Mickey Pearson (Matthew McConaughey) is an American expatriate who became rich by building a marijuana empire in London. When word gets out that he’s looking to cash out of the business, it soon triggers an array of plots and schemes from those who want his fortune.
If I am going to be one hundred percent completely honest with you, I wasn’t really all that excited for Guy Ritchie’s latest feature film The Gentlemen, and by all accounts, I should have been. Throughout the years, I have greatly enjoyed some of his films, most notably 2019’s Aladdin, which was met with mixed reviews, but I found myself genuinely enjoying it, and I was the one that thought it was going to be extremely bad. Blue CGI Will Smith genie? No thanks. But it turned out great.
But a lot of Ritchie fans absolutely adore his older films such as 1998’s Lock, Stock and Two Smoking Barrels and 2000’s Snatch, and I admittedly do too. What was turning me off from The Gentlemen was the trailers and the rest of the marketing. It just looked so bland and generic to me.
The trailers were not clear in what type of movie that was going to be, really. It seemed like a bunch of movies mashed into one. Plus, the posters did not help all that much either. I vividly remember when the first official teaser poster was released for this film, I thought it was a Kingsman spinoff film because the marketing was just that similar.
But now I can happily report that The Gentlemen is most certainly not a Kingsman clone, and it is also not a bunch of movies mashed into one; it is a refreshingly fun and often greatly funny story that has quite a bit of things to enjoy for almost everybody.
Something that Ritchie has always been great at doing is writing, and it is extremely evident that he wrote this film because it definitely has that Ritchie sense of style with its screenplay, and that is such a good thing. A ton of the writing is whip-smart and although it does kind of feel scripted and sometimes the dialogue doesn’t feel like things real people would actually say, a large portion of the writing was smart and often wild.
Speaking of the writing, I was surprised by how funny The Gentlemen was. The trailers did not make me laugh one bit, yet the actual film had a bunch of funny moments that had myself and many others in the theatre laughing. While most of the humor works quite well here, there are unfortunately some jokes that do not land whatsoever and actually come off with bad taste. Sometimes the jokes come across as offensive and whenever those kinds of jokes were told in the film, I actually cringed a little bit.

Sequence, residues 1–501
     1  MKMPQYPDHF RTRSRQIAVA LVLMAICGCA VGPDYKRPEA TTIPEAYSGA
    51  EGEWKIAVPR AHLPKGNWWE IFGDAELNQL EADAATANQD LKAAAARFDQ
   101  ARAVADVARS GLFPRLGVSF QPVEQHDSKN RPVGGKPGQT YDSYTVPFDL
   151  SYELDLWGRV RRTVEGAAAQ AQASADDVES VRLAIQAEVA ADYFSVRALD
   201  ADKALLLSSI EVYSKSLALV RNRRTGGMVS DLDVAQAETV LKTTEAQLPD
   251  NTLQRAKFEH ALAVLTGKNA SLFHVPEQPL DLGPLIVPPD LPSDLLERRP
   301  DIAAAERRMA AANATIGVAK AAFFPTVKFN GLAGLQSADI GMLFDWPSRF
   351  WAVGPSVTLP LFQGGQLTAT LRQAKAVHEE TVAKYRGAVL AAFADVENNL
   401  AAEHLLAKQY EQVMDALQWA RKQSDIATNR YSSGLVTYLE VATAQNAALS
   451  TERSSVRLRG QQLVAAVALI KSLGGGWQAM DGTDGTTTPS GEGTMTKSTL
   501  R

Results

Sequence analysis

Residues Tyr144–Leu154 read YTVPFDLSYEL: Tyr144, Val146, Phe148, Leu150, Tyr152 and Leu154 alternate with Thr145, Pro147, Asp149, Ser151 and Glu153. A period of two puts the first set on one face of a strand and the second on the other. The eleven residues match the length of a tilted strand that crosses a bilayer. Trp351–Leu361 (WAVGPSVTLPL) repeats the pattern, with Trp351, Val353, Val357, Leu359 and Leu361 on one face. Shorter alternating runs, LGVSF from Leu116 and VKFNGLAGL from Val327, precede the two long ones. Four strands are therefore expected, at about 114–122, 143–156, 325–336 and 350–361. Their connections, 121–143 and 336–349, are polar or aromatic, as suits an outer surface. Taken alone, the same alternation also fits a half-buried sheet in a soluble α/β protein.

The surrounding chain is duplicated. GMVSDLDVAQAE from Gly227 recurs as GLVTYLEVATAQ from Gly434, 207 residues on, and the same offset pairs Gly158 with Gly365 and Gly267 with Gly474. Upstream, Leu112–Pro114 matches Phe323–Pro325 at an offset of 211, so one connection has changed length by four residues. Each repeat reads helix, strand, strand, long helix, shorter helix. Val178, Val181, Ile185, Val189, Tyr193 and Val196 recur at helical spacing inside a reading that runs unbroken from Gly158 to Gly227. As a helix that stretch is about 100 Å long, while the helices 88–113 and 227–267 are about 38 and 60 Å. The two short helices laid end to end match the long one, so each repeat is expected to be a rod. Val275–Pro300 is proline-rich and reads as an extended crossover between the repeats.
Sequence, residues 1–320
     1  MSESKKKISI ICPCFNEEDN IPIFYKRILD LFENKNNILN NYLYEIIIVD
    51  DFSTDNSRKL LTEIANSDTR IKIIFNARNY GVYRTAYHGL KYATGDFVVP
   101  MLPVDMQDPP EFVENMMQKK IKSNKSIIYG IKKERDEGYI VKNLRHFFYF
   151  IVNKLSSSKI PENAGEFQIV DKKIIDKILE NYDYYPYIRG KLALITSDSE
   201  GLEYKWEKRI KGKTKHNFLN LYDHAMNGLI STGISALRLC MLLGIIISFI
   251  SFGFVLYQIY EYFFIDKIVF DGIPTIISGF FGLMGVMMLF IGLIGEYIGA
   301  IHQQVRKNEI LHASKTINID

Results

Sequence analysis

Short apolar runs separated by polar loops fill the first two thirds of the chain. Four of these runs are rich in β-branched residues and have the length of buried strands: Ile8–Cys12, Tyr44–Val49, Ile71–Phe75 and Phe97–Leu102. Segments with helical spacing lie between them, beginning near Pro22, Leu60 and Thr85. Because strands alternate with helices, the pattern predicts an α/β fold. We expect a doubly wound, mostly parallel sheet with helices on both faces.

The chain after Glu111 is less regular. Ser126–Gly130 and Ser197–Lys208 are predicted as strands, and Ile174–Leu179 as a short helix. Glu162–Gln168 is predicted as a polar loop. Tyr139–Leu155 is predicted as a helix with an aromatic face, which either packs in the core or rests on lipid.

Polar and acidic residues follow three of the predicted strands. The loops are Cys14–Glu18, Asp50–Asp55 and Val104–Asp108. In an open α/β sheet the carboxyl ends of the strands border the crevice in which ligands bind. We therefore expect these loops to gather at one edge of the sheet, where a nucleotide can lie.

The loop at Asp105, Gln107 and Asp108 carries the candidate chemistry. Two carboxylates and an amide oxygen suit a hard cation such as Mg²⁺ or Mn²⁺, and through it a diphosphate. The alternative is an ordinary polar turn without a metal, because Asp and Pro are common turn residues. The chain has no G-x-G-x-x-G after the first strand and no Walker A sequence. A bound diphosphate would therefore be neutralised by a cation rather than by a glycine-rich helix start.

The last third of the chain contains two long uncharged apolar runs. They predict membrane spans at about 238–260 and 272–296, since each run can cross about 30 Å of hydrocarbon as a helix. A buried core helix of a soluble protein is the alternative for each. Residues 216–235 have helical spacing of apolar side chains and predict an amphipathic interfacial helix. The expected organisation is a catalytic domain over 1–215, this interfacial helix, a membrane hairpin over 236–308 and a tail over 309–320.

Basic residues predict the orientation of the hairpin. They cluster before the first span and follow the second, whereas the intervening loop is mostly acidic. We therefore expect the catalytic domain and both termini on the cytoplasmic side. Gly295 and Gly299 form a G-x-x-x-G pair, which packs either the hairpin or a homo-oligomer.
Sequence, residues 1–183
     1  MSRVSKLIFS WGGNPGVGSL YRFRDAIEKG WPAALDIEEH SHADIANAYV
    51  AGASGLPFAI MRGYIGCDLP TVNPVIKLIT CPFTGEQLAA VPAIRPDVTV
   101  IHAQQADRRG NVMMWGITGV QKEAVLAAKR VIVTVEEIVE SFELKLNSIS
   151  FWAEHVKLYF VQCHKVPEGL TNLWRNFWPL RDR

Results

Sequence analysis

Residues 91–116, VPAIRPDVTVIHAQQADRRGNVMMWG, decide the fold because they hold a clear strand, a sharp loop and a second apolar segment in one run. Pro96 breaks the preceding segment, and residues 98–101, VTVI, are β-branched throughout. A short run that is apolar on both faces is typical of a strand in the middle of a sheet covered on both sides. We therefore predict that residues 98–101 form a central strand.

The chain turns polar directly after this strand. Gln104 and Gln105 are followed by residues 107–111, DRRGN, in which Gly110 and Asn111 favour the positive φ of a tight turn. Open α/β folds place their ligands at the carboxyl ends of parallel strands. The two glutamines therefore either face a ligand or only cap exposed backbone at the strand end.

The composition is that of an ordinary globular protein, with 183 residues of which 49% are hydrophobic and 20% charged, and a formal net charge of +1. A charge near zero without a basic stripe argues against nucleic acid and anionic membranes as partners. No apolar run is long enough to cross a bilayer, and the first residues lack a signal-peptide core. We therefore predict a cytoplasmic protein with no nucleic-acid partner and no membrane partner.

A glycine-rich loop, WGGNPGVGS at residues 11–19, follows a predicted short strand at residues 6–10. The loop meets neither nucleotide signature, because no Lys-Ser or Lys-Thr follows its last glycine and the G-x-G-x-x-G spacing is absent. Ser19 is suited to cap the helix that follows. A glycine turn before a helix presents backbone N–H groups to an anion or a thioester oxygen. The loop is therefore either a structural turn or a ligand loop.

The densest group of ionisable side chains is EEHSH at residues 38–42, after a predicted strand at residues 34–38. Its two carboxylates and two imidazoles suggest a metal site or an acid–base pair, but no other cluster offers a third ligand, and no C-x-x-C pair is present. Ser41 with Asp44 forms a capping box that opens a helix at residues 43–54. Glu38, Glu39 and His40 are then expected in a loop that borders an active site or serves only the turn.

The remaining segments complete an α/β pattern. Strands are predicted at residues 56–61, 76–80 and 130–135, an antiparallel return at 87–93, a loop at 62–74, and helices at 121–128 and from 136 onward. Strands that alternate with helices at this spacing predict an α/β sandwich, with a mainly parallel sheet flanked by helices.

But the thing that I enjoyed the most about The Gentlemen is its world, sense of style, and overall story. This world feels so grimy and lived in and it felt like a place that I would not want to go to. All of the characters feel dangerous and vile. The style is not Kingsman and it is not even James Bond either. What it is, however, is somehow a bold and exciting new style that doesn’t borrow from either of those films. This does certainly feel like a crime/spy movie at times, but a unique one.
The story spans multiple characters, locations, and time periods and while it does get extremely muddled (especially later on), it was still a lot of fun to watch. The way everything ultimately played out was greatly satisfying, but I do wish the story progression was handled better, because it did often feel incredibly messy.
Also, all of the actors here do a terrific job in their roles, most notably Charlie Hunnam as Raymond and Matthew McConaughey as Mickey Pearson. Both actors completely disappeared into their roles and did an excellent job at portraying characters that seemed really difficult to play. Their natural comedic talents worked great here.
As a whole, this was a good, fun time at the movies that does have some genuinely good twists up its sleeve that I truly never saw coming. I think that there is something for everybody to enjoy with this film, and it is one that I don’t think you should miss out on.
The Gentlemen offers a bold and stylish story with fun performances, great twists and turns, and humor that works for the most part.
Overall Grade: B
MPAA Rating: R for violence, language throughout, sexual references and drug content
Directed by: Guy Ritchie
Distributed by: STXfilms (United States)
Release Date: January 24, 2020 (United States)
Running Time: 113 minutes